The Arnarstapi trail head has a modest parking lot, but I imagine it’d get full pretty quick in high season. There is a viewing platform a short distance from the parking lot which provides amazing views of the rugged coastline looking north and this glimpse gets you excited about the scenery to come on the hike.
The trail begins in a southward direction on an easy and well-maintained trail. The scenery in this first section is breathtaking with crashing waves on rocky beaches inside charming little fjords, towering cliffs and hundreds of seabirds who make their home here while soaring all around. The trail branches off in many locations to viewing platforms where you can soak in this world-class North Atlantic scenery.
Be sure to take a few moments to visit the towering statue of Bárður Snæfellsás, the half-man, half-troll for whom the peninsula is named. Also watch for Gatklettur, a dramatic natural stone arch just off the coastline. There is a viewing platform which gives the best vantage point.
As you leave Arnarstapi you walk through a gate and all of a sudden the terrain becomes much more volcanic. The trail surface becomes more rocky, making it a little harder to find footing, especially if it’s wet. There are volcanic rocks of all sizes all around you with vibrant moss filling the gaps in-between. You can’t help but feel you are on another planet as you wander through this unearthly scene.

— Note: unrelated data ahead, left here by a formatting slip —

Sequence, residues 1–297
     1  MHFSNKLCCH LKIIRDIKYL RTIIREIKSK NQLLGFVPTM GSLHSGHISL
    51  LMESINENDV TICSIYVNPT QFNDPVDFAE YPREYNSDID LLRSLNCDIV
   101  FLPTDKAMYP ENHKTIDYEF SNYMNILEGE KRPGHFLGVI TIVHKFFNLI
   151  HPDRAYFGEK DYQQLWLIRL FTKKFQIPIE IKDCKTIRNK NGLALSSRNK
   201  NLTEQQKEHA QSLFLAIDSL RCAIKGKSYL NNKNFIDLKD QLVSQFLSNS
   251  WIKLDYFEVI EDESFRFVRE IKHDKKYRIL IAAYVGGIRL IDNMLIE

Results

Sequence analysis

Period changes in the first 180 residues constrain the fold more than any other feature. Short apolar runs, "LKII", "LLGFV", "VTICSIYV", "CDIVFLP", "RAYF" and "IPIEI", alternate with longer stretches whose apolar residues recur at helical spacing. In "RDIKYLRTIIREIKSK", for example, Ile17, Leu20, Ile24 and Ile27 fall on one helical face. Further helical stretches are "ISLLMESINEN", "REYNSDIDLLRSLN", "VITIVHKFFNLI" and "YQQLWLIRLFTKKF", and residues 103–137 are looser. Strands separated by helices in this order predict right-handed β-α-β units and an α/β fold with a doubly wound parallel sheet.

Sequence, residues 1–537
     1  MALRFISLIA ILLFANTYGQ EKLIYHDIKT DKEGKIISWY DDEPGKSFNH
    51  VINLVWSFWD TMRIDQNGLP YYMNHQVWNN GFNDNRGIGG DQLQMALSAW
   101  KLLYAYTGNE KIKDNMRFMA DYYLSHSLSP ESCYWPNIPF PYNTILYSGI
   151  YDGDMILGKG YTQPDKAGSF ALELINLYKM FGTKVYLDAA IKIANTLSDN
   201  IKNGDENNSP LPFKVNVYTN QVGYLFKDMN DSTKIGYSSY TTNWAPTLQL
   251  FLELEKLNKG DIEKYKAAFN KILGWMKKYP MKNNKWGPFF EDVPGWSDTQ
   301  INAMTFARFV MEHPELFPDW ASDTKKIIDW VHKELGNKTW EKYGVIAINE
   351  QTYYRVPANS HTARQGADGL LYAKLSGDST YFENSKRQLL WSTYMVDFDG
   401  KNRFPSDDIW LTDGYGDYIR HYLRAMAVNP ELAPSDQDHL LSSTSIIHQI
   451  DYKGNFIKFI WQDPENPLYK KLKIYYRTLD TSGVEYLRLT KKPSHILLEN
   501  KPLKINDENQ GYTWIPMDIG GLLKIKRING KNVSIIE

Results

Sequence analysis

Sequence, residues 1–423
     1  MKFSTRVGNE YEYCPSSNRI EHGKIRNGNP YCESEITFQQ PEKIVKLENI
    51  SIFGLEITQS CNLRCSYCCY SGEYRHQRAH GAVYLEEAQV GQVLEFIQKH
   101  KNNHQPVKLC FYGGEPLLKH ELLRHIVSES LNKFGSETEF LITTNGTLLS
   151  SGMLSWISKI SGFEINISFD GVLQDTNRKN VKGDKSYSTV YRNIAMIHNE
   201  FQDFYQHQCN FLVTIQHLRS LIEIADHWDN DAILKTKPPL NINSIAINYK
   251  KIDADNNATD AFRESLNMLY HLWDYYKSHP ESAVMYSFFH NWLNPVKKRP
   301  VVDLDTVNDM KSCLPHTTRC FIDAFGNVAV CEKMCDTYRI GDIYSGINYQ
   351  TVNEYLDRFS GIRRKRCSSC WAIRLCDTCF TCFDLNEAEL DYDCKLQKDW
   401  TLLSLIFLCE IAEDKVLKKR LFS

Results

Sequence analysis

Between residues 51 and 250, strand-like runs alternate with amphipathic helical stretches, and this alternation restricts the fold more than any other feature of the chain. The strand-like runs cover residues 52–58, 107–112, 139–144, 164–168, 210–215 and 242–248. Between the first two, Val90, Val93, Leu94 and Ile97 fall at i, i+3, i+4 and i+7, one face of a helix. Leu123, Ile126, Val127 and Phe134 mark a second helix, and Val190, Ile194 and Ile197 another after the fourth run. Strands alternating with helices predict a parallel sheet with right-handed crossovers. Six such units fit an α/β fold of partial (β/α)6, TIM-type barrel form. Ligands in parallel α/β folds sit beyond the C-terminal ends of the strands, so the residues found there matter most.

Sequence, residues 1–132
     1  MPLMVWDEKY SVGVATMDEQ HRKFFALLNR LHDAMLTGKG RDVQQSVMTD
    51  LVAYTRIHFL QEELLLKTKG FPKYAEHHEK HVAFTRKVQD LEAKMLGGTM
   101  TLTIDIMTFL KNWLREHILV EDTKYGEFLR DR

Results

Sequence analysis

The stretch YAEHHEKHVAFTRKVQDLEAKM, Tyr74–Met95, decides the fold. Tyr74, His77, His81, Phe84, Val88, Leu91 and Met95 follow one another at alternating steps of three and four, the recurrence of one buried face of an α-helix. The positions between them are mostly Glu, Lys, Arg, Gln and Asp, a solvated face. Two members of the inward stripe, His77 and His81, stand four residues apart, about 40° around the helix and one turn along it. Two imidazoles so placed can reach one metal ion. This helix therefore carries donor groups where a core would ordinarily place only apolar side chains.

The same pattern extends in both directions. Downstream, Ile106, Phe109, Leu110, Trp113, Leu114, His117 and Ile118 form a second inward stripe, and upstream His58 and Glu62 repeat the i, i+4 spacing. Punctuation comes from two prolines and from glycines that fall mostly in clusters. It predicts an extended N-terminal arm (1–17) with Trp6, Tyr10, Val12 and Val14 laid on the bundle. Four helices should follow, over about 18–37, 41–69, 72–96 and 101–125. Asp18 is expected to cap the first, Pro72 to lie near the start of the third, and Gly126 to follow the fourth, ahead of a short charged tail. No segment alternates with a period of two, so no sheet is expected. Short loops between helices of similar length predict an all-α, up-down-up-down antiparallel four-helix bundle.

As you near Hellnar and the end of the hike, the path transitions to a long, wide wooden pathway making for some smooth walking as you soak in the views.
We hiked this trail in mid-May and the weather was around 41F (5C), windy with scattered showers. We each wore a wool base layer (top and bottom) with a t-shirt, a fleece and/or light down jacket with rainproof jacket and pants on top. The wind made it cold enough that we each wore a toque and mitts. The ground was mostly dry, but there were mud puddles in spots and the rocks got a little slippery when it rained, so having waterproof hiking shoes is a good idea on this trail.
This hike is officially 1.5 miles (2.5km) long in a single direction, but it will be longer after you factor in all the viewpoints, chasing your kids, etc. The trail was easy enough for our 4 year old girl to hike the whole way herself. Our two year old boy wanted to be carried for portions, which actually worked out nice as he’s a bit slower anyways. There are portions of this hike where you need to watch your small ones closely, especially around the top of the oceanfront cliffs. There are typically little rope fences to warn you about the dangers, but they are completely ineffective at keeping a determined or distracted toddler out.
Interested in more things to see on the Snæfellsnes Peninsula? Click here to see how we spent two days on the Snæfellsnes Peninsula.
Day Trips to the Snæfellsnes Peninsula from Reykjavik
Vacation Packages Which Visit the Snæfellsnes Peninsula
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